In a nutshell
At the end of parashat Balak, Pinchas, Aharon’s grandson, kills Zimri, the Nassi of shevet Shimon, who publicly takes a Midianite princess into a tent, Pinchas kills them both, attempting to stop the plague raging among the people. He is rewarded for his act, as G‑d grants him a covenant of peace and the priesthood.
Mosheh is instructed on how the Land is to be divided among the tribes of Israel. We also learn about the five daughters of Zelophehad’s successful plea for land rights. Joshua is chosen and empowered by Mosheh to succeed him and lead the people into the Land of Israel.
As the parashah sets out laws for the Jewish holidays, listing the daily offerings, and the additional offerings brought on Shabbat, Rosh Chodesh (first of the month), and the festivals of Passover, Shavuot, Rosh Hashanah, Yom Kippur, Sukkot and Shemini Atzeret, Jews read parts of this parashah as Torah readings during many Jewish holidays.
Why was Mosheh not allowed to enter the Promised Land?
In parashat Bamidbar, Bnei Israel were counted a month after the Mishkan was dedicated. Now, almost forty years later, Mosheh is being asked to count Bnei Israel yet again.
In Deuteronomy 32:51–52 God gives the reason that Mosheh was not permitted to enter the Promised Land: “This is because . . . you broke faith with me in the presence of the Israelites at the waters of Merivah Kadesh in the Desert of Zin and because you did not uphold my holiness among the Israelites. Therefore, you will see the land only from a distance; you will not enter the land I am giving to the people of Israel.” Mosheh saw the Promised Land from afar, but was not allowed to enter.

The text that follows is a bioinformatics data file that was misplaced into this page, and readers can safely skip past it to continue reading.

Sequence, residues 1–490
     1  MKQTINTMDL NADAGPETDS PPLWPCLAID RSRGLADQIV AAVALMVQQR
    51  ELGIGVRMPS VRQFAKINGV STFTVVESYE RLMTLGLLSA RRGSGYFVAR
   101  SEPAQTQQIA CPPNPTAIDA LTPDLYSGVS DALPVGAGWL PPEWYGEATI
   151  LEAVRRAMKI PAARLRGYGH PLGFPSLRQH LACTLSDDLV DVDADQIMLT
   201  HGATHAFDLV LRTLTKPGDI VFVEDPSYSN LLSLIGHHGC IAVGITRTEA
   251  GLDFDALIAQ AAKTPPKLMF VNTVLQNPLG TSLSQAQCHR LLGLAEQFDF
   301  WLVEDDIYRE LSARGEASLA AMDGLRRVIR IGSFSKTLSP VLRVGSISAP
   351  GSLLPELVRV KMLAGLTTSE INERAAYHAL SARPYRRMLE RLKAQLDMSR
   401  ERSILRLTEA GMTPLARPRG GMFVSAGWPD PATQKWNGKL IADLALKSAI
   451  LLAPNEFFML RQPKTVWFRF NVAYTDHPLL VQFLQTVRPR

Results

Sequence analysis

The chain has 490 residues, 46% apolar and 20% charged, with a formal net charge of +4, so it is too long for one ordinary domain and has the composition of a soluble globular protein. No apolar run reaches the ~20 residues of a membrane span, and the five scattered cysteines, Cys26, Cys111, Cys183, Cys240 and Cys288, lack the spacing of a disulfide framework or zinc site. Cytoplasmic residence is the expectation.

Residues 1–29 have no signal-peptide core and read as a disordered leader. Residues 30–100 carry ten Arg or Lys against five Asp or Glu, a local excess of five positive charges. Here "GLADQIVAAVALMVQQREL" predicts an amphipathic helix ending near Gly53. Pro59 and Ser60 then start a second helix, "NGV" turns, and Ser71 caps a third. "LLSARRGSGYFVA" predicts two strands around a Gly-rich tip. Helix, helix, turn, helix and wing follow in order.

The Water of Merivah
The incident at the waters of Merivah, in Kadesh barnea, is recorded in Numbers 20. Nearing the end of their forty years of wandering, the Israelites came to the Desert of Zin. Miriam died, and there was no water, and the community turned against Mosheh and Ahron. God told them to gather the assembly and speak to the rock and water will come forth. Mosheh took the staff and angrily struck the rock twice with his staff (Numbers 20:10–11). Water came from the rock, as God had promised. But God immediately told Mosheh and Ahron that, because they failed to trust Him, they would not bring the children of Israel into the Promised Land.
I always felt that the punishment was too harsh. True, Mosheh disobeyed a direct command from God, being asked to speak to the rock and instead, he struck the rock with his staff. What about all the good things he did? What about second chances? What about forgiveness? I’m still trying to reason with this story.
God allowed Mosheh, before he died at Mount Nevo (located directly east of Jerusalem), to view the broad panorama of the land inheritance he swore to give the descendants of Avraham, Yitzchak, and Yaacov (Deuteronomy 34:4-5). After the death of Mosheh his body was buried by the Eternal in a special place no one would be able to find.